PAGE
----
4. Also, this immutable property helps by storing the cached results. Suppose, we have a method which should always return a unique value based on some instance variable calculation. But we know that calls to that method with same object should return the same value as our objects are immutable now. Look at the following example where such a technique is used:

private int hash ; // cached result .. by default, hash = 0

    public int hashCode() {
        int h = hash;
        if (h ==0 && value.length > 0) {
           /* calculate hash value using some technique
           .....
           ......
           */
              hash = h;
        }
        return h;
    }

In order to employ this technique, we have to relax the rule that all fields should be made final and that is not a big concern here as the object will still remain immutable. We have a new variable “hash” and made it non-final here to store the cached results on subsequent invocations with same “EmployeeMut” object. Only on the first time, hash value will be calculated as hash value will be zero only at the beginning and from then on, the previously calculated “h” cached variable result will be returned to the caller. This eliminates calculations that needs to be done every time even for same object invocations though we know the value returned should be the same. This is because we know our object is immutable i.e., its value doesn’t change and hence calculations even based on instance variables in our case will return similar values for same object invocation.

Summary

So far, it’s all been good. Then the question comes as to why not every developers use only immutable objects? One of the disadvantages according to java experts about immutable objects is the need for creation of separate new objects for each distinct value (recollect the 4th rule!!!!!). So we are using up some extra memory, which will not be used in the case of mutable objects. But this only concern is not a valid reason for developers to opt for mutable objects. Java experts advise that we should always be using mutable objects and if not possible, try to preserve the immutability of that object as much as possible.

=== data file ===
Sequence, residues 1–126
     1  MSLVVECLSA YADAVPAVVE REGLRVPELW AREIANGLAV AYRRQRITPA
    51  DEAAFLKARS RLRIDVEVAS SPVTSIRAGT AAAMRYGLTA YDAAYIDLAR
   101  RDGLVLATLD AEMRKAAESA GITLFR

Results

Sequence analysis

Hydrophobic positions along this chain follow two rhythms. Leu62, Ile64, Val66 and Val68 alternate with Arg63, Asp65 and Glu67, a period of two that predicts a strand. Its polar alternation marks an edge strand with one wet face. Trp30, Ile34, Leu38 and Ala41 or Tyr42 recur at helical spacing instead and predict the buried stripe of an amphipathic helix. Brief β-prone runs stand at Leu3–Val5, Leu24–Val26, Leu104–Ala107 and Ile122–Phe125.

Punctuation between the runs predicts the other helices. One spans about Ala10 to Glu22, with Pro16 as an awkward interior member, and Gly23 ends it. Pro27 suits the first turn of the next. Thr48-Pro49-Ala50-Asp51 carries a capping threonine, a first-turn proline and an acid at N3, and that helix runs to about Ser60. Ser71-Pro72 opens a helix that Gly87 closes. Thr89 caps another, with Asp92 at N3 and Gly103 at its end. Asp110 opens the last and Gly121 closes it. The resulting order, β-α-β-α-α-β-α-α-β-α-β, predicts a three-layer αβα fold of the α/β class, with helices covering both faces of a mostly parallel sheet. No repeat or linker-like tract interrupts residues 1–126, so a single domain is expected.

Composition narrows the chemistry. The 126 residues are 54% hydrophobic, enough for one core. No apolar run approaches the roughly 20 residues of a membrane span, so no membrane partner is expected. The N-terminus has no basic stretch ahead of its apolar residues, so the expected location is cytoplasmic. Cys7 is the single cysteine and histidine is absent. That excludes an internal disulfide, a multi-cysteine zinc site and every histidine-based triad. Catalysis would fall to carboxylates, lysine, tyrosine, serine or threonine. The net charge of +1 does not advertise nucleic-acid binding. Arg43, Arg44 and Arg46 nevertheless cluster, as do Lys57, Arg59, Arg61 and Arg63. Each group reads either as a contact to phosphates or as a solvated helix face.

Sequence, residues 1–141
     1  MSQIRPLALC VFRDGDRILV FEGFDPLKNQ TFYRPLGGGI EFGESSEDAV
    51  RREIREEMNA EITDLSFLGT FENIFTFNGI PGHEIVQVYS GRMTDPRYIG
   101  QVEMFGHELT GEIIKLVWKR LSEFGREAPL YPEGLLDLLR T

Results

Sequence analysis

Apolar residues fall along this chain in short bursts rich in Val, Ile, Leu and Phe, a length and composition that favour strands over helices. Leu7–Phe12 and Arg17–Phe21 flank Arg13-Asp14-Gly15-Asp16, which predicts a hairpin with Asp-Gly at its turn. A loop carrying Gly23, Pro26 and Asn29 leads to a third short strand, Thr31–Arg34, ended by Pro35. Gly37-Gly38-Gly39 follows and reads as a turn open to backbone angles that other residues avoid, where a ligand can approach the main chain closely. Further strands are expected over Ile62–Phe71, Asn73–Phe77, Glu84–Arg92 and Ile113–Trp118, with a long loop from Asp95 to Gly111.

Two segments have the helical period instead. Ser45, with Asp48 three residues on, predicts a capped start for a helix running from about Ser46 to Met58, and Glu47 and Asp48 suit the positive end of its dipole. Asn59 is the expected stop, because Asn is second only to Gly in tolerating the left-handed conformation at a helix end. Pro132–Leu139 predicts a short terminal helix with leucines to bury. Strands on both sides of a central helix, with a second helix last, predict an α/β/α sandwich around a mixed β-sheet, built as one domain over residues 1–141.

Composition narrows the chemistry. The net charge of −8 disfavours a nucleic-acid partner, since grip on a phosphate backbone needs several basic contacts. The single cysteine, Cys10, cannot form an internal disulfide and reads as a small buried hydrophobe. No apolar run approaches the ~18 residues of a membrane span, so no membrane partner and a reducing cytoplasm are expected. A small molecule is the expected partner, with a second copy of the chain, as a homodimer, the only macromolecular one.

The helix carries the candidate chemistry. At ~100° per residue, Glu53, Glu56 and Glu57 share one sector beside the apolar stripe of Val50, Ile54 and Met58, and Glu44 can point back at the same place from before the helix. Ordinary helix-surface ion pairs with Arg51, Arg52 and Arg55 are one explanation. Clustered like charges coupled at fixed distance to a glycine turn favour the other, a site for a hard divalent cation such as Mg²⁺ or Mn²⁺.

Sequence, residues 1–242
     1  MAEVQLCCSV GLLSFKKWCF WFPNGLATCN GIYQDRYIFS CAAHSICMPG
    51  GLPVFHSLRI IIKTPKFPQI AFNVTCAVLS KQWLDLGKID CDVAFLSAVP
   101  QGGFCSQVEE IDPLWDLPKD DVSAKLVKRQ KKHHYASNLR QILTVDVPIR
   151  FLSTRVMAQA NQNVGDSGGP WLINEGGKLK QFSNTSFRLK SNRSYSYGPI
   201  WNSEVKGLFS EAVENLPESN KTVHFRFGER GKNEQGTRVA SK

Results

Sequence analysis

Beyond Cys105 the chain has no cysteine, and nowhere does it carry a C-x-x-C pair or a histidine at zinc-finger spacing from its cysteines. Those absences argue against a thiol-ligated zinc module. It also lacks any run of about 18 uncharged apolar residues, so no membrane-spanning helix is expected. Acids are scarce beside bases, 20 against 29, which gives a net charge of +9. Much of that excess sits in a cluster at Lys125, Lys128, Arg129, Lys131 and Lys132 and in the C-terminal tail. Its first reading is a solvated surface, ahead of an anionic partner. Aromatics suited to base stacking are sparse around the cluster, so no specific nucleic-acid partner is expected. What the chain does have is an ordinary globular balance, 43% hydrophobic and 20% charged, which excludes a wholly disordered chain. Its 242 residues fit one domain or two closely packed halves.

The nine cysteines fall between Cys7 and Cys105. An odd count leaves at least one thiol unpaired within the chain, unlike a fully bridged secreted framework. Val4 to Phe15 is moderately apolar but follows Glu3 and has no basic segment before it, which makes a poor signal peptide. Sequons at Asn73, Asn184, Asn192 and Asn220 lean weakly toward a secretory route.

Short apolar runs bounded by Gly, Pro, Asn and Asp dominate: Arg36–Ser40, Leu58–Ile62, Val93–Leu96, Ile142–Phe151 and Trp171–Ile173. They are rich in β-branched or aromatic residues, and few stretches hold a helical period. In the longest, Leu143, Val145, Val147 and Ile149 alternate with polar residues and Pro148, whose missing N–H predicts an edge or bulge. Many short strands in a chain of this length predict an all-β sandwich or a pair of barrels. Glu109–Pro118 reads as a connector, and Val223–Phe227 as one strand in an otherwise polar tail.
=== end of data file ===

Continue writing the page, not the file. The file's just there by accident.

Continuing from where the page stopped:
Thats it about Java immutable objects for today. Hope you enjoyed reading. Pass on your comments/questions if any.

This article is originally published at Java tutorials – Lets jump into the ocean, re-posted here with authors permission and as part of the JBC program.

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About Rengasudharsan Srinivasan

Renga is currently working as a software engineer. He has experience developing web applications using spring, struts and Hibernate framework. He is passionate about learning new technologies and has recently started writing a blog http://renga86.blogspot.com mainly focussing on Java.